Type 1 diabetes (T1D) is an autoimmune disease that leads to the destruction of pancreatic islets, resulting in the deficiency of insulin secretion. The current treatment is a daily insulin injection regimen, which negatively affects the quality of life for T1D patients and is difficult to manage over an entire lifespan. Therefore, an alternative treatment – islet transplantation within implantable devices – has been regarded as a promising therapy to achieve insulin-independence. Nevertheless, the interplay of implant surface and recipient tissue can result in a foreign body response (FBR) which is one of the main reasons for implant failure. The encapsulation isolates the implant from surrounding tissues, impeding it from nutrients, oxygen and drug molecule diffusion. In this study, a non-invasive method, Raman microspectroscopy (RM), was utilized to investigate the characterization of the extracellular matrix (ECM) within the fibrotic capsule, which can be utilized for future application in medical device assessment.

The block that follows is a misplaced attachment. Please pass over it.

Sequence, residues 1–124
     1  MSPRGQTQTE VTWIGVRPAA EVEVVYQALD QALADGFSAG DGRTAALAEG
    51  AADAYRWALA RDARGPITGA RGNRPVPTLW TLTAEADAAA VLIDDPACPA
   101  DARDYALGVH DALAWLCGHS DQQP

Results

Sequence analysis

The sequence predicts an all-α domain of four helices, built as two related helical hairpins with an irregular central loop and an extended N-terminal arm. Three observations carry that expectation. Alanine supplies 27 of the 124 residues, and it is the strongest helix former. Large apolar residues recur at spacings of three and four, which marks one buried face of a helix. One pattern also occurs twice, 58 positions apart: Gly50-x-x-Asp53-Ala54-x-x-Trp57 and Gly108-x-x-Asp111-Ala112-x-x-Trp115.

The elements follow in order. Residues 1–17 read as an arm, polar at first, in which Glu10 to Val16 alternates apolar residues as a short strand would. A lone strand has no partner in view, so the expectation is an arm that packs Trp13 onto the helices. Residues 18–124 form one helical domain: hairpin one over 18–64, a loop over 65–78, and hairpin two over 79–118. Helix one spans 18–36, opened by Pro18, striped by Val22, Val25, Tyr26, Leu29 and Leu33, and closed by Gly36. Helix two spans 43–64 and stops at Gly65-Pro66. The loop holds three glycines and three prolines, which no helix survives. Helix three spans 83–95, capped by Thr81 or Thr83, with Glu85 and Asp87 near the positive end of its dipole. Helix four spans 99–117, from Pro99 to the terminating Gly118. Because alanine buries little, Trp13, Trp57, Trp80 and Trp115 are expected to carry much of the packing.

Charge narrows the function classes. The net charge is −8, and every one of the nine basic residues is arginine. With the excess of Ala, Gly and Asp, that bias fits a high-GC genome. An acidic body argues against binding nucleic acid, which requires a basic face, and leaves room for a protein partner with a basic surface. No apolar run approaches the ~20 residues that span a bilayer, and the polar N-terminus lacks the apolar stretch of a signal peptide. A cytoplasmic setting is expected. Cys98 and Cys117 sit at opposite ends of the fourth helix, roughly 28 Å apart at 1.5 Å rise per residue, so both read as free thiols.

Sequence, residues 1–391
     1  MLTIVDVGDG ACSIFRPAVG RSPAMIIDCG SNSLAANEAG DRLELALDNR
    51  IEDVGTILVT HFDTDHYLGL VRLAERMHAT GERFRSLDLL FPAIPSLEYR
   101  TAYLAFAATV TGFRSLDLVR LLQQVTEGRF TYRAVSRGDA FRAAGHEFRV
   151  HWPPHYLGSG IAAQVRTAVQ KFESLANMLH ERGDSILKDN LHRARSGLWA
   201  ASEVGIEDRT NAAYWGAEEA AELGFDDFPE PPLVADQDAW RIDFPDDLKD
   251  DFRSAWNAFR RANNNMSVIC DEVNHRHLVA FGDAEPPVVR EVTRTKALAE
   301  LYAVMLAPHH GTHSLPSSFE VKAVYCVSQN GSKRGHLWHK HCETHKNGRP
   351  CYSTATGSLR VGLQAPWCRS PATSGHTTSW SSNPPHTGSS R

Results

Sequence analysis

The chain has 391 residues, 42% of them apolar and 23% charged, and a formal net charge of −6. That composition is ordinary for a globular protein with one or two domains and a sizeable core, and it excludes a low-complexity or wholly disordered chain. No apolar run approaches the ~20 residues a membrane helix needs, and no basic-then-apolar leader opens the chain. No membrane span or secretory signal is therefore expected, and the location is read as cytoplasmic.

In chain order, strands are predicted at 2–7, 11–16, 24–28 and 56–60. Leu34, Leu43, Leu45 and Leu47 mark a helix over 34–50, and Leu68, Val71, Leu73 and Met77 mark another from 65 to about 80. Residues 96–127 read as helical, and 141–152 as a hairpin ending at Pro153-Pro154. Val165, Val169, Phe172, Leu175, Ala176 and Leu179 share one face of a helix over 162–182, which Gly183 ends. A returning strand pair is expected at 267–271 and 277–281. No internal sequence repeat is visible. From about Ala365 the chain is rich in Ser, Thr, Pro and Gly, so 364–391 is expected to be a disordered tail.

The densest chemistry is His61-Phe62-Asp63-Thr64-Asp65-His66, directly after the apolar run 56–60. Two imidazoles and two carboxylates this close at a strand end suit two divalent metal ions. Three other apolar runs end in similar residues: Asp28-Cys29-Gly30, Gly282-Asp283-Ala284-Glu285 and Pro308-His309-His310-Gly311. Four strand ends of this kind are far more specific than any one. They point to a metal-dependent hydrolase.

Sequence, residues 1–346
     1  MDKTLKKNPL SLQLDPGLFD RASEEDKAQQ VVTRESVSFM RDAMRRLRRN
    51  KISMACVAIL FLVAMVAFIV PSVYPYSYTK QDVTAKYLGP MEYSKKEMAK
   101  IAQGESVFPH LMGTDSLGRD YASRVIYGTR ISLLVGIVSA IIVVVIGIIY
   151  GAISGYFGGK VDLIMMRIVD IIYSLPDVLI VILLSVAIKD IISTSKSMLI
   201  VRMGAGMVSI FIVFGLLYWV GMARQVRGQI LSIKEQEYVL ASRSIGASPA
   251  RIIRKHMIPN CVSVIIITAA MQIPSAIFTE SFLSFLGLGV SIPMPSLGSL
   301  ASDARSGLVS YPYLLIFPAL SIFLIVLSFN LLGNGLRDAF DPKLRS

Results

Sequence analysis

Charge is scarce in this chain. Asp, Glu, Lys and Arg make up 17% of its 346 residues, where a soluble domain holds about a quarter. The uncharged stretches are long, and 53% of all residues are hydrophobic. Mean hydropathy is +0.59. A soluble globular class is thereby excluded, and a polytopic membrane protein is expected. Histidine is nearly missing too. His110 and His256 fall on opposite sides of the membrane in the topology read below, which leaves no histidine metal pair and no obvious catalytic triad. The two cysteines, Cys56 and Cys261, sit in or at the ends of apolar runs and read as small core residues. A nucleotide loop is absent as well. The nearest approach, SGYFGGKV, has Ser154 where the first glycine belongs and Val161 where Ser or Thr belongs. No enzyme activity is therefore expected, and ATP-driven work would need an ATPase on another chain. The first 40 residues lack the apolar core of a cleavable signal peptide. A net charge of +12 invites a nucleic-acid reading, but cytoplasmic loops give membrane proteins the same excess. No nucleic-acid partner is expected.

In this study, implantable devices were analyzed in regard to their potential to induce the FBR. A marker-independent approach via RM was applied to investigate the fibrotic capsule. True Component Analysis (TCA) was utilized to generate intensity distribution images for ECM components. ECM proteins were identified and validated by immunofluorescence (IF) staining. Principal component analysis (PCA) was conducted to assess further molecular information.
Fibrotic capsule structures could be identified by RM as well as IF and histological staining. Raman imaging and TCA allowed the identification, localization and quantification of collagen I, collagen III as well as α-SMA. PCA of extracted collagen I spectra indicated differences between collagen structures of fibrotic capsule and connective tissue, represented by shifts in Raman bands assigned to amide I and III, phenylalanine and hydroxyproline. This study demonstrated that RM has the potential to examine the severity of the FBR.